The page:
Hold your tongue…

…and repeat after me,

“Apples!”

For those of you with kids you’re probably already having this kind of fun. It’s autumn and the kids have gone back to school. The rest of us can probably remember some of the sing-song word games from our playground days.

Sally had a steamboat,

the steamboat had a bell,

when Sally went to heaven the steamboat went to

Hell-o operator….

It goes on for a while like that. These are the rhyming games that kids teach each other: Clapping games, hopscotch and jump rope. It was fun and, as far as I was concerned, if you could swear, all the better!

Another sign of autumn is the apple harvest.

It starts in August and goes through to November. Here in Washington it’s the state fruit. Most of the apple production comes from the central part of the state where, according to the Washington Apple Commission,  primarily eight varieties are grown. These are the names most of us are familiar with: Red Delicious, Golden Delicious, Gala, Fuji, Granny Smith, Honeycrisp, Braeburn, Jonagold and Cameo. A couple of those I regularly munch on, but I was pleased to read that there are 2500 varieties grown throughout the USA and more than 7500 around the world! Here are just a few that I found. See if you can guess where they’re from:

  1. Akero
  2. Ambrosia
  3. Antonovka
  4. Api Etoile
  5. Ard Cairn

OK. That was just a quick peek at the A’s. Were you able to guess some?

Here are the answers:

  1. Scandinavia
  2.  Canada
  3. Russia
  4. Switzerland
  5. Ireland

I love apples.

Reading the descriptions of these distant trees puts me in a dreamy world of old orchards tended by those who know what prizes await them. I want to smell the leaves, the fragrance of the fruit, the crisp rare air. Some varieties are described as having a pineapple-like flavor or being reminiscent of bananas. One has red flesh while another’s skin goes black in storage! Then we get to the different uses. Do you want to bake them or make sauce? Some are best eaten fresh or they are good for storage. And then there’s cider…

Here in Port Townsend, backyard apples are grown for all of these things, but it’s hard cider that is putting us on the map.

There are three hard-cider makers in and around the town and you can visit them all in one day.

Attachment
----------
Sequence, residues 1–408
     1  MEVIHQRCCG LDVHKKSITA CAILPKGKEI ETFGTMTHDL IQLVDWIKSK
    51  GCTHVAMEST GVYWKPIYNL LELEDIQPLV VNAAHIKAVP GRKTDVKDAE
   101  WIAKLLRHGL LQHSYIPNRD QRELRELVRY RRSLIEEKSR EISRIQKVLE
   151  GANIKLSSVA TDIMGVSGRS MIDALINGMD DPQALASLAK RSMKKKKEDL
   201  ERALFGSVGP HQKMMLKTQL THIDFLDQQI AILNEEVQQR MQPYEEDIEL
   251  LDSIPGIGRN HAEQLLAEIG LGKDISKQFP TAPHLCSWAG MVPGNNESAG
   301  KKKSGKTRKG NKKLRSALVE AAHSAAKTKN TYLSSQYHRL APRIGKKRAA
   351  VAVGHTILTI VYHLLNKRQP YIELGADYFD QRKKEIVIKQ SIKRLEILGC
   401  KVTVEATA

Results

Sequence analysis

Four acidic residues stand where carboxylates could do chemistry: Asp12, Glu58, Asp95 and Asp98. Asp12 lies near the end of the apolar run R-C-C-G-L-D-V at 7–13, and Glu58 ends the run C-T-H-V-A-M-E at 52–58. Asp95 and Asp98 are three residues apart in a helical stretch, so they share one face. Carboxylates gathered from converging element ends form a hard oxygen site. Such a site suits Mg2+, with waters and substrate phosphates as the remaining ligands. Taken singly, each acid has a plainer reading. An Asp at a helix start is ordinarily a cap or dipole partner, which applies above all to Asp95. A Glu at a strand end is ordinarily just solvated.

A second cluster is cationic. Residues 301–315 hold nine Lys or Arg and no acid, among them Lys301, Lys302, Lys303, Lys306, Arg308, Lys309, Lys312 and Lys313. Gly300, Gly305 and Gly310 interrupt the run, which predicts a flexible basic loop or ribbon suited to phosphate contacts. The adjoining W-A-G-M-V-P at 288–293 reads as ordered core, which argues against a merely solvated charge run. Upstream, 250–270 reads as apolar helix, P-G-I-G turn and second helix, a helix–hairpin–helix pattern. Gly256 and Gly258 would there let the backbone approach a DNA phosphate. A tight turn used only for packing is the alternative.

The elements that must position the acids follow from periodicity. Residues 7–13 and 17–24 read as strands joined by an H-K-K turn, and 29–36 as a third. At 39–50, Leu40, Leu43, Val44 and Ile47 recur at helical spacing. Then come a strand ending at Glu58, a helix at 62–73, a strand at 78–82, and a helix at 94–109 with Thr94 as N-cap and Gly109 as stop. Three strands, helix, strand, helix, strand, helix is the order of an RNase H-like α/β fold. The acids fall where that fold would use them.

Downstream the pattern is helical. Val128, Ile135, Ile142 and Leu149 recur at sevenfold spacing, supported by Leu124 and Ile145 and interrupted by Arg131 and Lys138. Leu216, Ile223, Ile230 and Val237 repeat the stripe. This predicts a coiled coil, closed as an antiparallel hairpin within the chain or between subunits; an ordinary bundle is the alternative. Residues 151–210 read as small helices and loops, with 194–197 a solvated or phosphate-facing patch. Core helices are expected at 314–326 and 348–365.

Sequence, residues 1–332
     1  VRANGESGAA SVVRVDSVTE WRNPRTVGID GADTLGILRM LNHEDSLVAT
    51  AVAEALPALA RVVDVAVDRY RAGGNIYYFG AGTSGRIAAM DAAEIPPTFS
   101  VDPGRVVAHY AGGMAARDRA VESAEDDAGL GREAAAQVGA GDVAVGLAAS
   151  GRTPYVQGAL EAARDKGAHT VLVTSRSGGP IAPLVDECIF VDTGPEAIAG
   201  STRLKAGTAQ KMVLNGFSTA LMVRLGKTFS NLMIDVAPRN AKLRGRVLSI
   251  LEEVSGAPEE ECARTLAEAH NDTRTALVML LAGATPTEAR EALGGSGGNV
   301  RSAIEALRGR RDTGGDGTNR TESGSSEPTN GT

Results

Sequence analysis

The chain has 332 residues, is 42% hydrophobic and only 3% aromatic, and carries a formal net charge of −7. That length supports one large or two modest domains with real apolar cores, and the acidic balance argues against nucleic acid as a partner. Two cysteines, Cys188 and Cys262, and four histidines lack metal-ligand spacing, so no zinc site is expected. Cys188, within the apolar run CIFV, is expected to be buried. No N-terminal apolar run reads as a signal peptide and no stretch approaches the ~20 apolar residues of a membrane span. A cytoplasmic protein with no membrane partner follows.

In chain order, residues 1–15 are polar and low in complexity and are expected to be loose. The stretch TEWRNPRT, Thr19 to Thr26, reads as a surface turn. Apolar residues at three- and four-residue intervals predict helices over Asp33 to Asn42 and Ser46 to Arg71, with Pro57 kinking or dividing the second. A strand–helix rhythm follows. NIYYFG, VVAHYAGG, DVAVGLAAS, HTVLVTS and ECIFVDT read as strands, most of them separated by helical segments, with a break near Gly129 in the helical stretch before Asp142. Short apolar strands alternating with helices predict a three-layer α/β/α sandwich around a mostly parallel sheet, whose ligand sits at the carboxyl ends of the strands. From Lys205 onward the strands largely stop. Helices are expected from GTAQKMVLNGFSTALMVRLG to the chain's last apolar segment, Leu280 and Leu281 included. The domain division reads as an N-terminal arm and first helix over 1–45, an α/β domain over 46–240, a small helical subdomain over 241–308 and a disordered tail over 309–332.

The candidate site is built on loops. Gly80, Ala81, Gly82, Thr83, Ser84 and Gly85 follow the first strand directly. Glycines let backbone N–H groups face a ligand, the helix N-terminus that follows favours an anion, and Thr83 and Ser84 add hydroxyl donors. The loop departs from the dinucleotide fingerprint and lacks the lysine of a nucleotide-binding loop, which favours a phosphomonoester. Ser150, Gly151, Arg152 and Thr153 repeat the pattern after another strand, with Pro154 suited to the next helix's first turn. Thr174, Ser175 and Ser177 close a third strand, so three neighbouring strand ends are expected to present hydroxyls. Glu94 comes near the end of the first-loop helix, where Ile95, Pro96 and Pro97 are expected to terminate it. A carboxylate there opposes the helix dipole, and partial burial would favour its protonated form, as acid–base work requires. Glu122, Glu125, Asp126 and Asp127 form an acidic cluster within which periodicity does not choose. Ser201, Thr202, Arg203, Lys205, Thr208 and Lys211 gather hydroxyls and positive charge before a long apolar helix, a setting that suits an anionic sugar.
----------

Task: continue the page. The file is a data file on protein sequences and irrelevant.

They call it the Olympic Peninsula Cider Route. I haven’t done this yet but, it sounds like you could make a lovely day of it! The route includes Eaglemount Cider, Finn River Farm & Cidery and Alpenfire Cider which produces the states only certified organic cider.

I like mine crisp and dry but, true to the multiple-personality of the apple, each cider has its own character and can be paired similar to wine. It’s wonderful how these cider makers are so skillful at expressing their craft. English and French styles, dry or sweet, dessert and bubbly.

Honestly, this blog is making me thirsty.

Back into the backyard.

Here is where I’m trying to get to. 260If you have made it this far into the blog you’re probably getting the idea that I’m wanting to talk about apples. It’s true!

Here’s a picture of my Jonagold apple tree that was planted in memoriam for my father-in-law who passed 8 years ago. It produced just one apple the first year. We had to share. Then after a few years there were four, so we all got one. This was the first year that I lost count and some were even dropping to the ground. The tree was so loaded with fruit that next year I plan on thinning out the crop. This is mainly done so that the remaining apples will be large and healthy.

This year the apples had damage from codling moths.

The moth larvae bore their way to the core where they fed on the seeds. As you can imagine, I was feeling  too suspicious of the fruit to pick one and take a bite. To eat an apple fresh, I would slice it after carefully cutting away the core.

The other problem with the moths is that they ruin the apples for storage. My first big crop and I was going to have to process it right away. Normally I would just turn apples into sauce, but it was my first boxful from this special tree. I decided to be fancy and make apple butter. A little sweet, subtly spiced and fun to say.

We call it “Bill’s Apples Butter”.

079
Toasted pumpkin bread from Pane d’Amore, my favorite!

It took over four hours to process and cook the apple butter. You have to stir constantly to keep it from scorching.

The whole time I was snapping away with my camera to carefully document the process: my tree heavy with apples, the box full of apples, an apple cut to show the moth damage, apples cooking on the stove, and jars cooling down before going into storage. Well, when I got to this part of the blog where I intended to insert the pictures, they were gone! I had accidently erased them thinking they were already downloaded to my computer. You know, to make blogging easier…

I had to hold off for a couple of days before I could get back to writing. I love the picture part!

“Maybe the pictures were a little much.” I told myself.

I went back through the drawing notebooks of my youngest son, Jeremy and found a drawing that he did of an apple when he was little. He had filled up half of the book with pictures of fruit. They are some of my favorite drawings in the world!

That seemed to help.

So, no pictures of my apples, but I did write the word a lot. I hope that counts for something? If you don’t think so, then pardon me while I hold my tongue.


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